The Law and Economics of Contingent Protection in the WTO
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The Law and Economics of Contingent Protection in the WTO

Petros C. Mavroidis, Patrick A. Messerlin and Jasper M. Wauters

In this important book, three of the leading authors in the field of international economic law discuss the law and economics of the three most frequently used contingent protection instruments: anti-dumping, countervailing measures, and safeguards. When discussing countervailing measures, the authors also discuss legal challenges against prohibited and/or actionable subsidies. The authors’ choice is mandated by the fact that the effects of a subsidy cannot always be confined to the market of the WTO Member wishing to react against it. Assuming there are effects outside its market, an injured WTO Member can challenge the scheme as such before a WTO Panel. Taking the three agreements for granted as a starting point, the book provides comprehensive discussion of both the original contracts, and the case law that has substantially contributed to the understanding of these agreements.
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Chapter 11: Special and differential treatment

Petros C. Mavroidis, Patrick A. Messerlin and Jasper M. Wauters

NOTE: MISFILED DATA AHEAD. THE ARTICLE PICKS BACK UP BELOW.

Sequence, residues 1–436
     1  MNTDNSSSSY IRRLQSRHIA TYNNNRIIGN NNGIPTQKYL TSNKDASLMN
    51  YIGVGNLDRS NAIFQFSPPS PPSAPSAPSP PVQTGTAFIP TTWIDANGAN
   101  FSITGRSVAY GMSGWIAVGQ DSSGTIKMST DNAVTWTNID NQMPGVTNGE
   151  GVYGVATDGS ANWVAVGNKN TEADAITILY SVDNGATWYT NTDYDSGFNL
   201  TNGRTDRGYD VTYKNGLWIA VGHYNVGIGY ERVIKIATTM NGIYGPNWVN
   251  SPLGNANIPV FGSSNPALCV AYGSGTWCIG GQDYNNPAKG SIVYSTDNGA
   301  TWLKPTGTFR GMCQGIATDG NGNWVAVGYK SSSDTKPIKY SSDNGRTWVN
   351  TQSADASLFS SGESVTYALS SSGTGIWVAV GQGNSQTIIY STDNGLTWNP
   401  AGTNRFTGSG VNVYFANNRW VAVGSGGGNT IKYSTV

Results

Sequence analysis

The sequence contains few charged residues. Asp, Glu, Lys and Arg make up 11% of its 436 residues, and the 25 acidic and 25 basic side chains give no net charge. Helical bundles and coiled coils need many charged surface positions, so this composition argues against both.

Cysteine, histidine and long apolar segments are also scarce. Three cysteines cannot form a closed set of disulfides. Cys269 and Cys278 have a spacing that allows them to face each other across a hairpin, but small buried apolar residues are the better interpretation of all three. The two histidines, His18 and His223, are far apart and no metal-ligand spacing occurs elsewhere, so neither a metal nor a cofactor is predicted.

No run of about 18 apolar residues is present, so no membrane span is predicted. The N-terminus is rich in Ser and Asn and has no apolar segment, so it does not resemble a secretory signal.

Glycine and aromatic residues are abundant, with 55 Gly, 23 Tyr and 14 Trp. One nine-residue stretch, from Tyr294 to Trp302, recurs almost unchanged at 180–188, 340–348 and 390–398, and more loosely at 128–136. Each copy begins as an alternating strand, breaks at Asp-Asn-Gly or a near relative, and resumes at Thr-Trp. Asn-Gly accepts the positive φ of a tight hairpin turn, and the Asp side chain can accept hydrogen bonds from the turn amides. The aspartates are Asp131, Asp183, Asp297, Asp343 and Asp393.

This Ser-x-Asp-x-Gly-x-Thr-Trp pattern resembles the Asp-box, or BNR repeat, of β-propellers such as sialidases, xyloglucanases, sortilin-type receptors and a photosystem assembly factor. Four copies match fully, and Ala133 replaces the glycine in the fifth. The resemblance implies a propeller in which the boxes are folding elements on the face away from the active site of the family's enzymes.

10. Thou shall not be punished in any other way Art. 32.1 SCM states that: ‘No specific action against a subsidy of another Member can be taken except in accordance with the provisions of GATT 1994, as interpreted by this Agreement.’ The interpretation of this provision was the core subject-matter of the dispute between the United States and a host of WTO Members regarding the US Continued Dumping and Subsidy Offset Act of 2000 (the ‘CDSOA’), also known as the ‘Byrd Amendment’. According to this law, the United States promised to disburse the monetary equivalent of all anti-dumping/countervailing duties perceived to those US economic operators that had supported a petition to initiate an investigation. Both the Panel and the Appellate Body held that the Byrd Amendment was violating Art. 32.1 SCM. The Appellate Body, in its report on US – Offset Act (Byrd Amendment), held the view that the US legislation at hand was specific legislation against subsidization: specific, because it was linked to anti-dumping or CVD proceedings; against, because the Byrd payments had an adverse bearing on subsidies and they did not feature among the permissible actions against subsidization (undertakings, provisional or definitive CVDs). We quote from para. 256: Because the CDSOA has an adverse bearing on, and, more specifically, is designed and structured so that it dissuades the practice of dumping or the practice of subsidization, and because it creates an incentive to terminate such practices, the CDSOA is undoubtedly an action ‘against’ dumping or a subsidy, within the...

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